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Nuclear: The only way out to energy calamity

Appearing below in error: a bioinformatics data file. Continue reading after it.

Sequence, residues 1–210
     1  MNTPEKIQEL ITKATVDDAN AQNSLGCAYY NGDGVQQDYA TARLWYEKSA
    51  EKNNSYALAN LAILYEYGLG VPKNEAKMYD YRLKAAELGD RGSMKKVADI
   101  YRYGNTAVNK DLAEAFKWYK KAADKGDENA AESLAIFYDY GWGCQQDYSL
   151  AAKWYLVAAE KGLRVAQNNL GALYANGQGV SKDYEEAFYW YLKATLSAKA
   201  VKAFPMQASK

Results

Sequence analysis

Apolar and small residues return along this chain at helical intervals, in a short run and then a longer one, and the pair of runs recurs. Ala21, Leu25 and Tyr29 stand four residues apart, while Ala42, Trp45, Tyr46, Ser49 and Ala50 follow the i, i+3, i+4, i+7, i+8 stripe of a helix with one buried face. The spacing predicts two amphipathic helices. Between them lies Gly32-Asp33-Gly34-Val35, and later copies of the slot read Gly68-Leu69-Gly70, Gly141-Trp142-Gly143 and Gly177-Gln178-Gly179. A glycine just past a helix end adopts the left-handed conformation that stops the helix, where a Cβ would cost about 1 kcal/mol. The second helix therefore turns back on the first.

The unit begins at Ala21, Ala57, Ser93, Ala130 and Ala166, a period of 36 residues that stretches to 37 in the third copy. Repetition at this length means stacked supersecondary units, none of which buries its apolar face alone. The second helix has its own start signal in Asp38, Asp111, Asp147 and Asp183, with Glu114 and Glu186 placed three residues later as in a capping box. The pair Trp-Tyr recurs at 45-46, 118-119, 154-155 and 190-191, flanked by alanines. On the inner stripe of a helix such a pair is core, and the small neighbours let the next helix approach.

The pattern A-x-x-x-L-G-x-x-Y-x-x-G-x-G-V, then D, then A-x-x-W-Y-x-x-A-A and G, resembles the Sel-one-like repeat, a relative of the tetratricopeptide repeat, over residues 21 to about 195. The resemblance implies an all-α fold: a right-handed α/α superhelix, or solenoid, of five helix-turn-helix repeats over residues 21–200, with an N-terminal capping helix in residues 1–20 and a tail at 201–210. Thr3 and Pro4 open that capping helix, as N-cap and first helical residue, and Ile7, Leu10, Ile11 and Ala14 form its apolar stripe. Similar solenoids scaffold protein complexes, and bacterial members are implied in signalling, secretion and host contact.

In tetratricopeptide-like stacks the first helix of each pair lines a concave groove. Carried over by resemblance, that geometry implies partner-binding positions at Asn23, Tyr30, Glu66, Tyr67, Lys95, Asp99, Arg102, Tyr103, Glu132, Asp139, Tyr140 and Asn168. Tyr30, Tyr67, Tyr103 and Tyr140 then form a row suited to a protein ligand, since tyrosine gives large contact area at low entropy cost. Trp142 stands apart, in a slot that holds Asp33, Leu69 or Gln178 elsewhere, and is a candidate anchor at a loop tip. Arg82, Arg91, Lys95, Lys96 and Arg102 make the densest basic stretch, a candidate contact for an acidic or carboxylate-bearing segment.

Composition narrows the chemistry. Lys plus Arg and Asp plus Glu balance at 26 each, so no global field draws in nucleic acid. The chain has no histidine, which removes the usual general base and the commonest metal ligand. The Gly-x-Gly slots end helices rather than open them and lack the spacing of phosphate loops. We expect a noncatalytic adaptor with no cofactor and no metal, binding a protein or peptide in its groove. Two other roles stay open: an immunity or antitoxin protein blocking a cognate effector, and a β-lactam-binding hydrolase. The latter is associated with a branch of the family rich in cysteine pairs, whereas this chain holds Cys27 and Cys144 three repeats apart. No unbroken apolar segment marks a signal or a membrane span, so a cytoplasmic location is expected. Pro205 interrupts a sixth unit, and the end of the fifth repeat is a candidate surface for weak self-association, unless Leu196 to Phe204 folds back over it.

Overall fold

PAKISTAN is passing through the most problematic phase of its history. The acute energy crisis is creating a serious difficulty for our frail economy. Our energy needs are surpassing supply triggering hours long power outages daily across the country. Resulting, the economic growth rate of 5.1 per cent may not be achieved in the current fiscal year; we are expecting a growth rate of around 4.5 per cent. Due to increase in population urbanisation and the rising power demand of industrial and commercial customers, the energy crisis will continue to aggravate. If this occurs, the energy challenge in the country could well become an energy calamity. As a result of closure of industrial units; joblessness will rise and a vast majority of Pakistanis will fall below the poverty line. Consequences of this energy crisis are severe and that is threatening to the country’s economic well-being. Therefore, it is crucial to search for an alternative source of energy. The nuclear power generation is one of the currently available alternative sources of energy. The development of nuclear energy promotes economic development and ensures greater reliance and independence from petroleum imports. It reduces reliance on foreign sources of energy in a manner that is climate change friendly due to the lack of carbon emissions. In 1972, Pakistan had established its first nuclear power plant at Karachi – KANUPP. After over 40 years of flawless record of safety and security in operating these power plants, it is pertinent to follow the nuclear power option. According to Open Energy Information (OpenEI) the per megawatt average USD cost comparison of Wind (onshore), solar PV, and nuclear energy are: Levelized Cost of Energy 60, 280, and 60; Overnight Capital Cost 1.57, 5.10, and 3.10; Fixed Operating Cost 10.95, 32.03, and 85.66; Variable Operating Cost 6.45, 0, 0.49; Capacity Factor (per cent) 38, 21, and 90 – respectively. This comparison illustrates the viability of nuclear, with the most cost effective power and capacity adjusted technology. Another report on energy and emissions cost analysis by Brookings Institute reveals the net benefits of new nuclear, hydro, and natural gas combined cycle plants far outweigh the net benefits of new wind or solar plants, with the most cost effective low carbon power technology being determined to be nuclear power. In the current scenario, where Pakistan is just dependent on foreign energy sources, the only solution is nuclear. The development of nuclear energy would significantly reduce Pakistan’s reliance on foreign energy sources and will support our frail economy.


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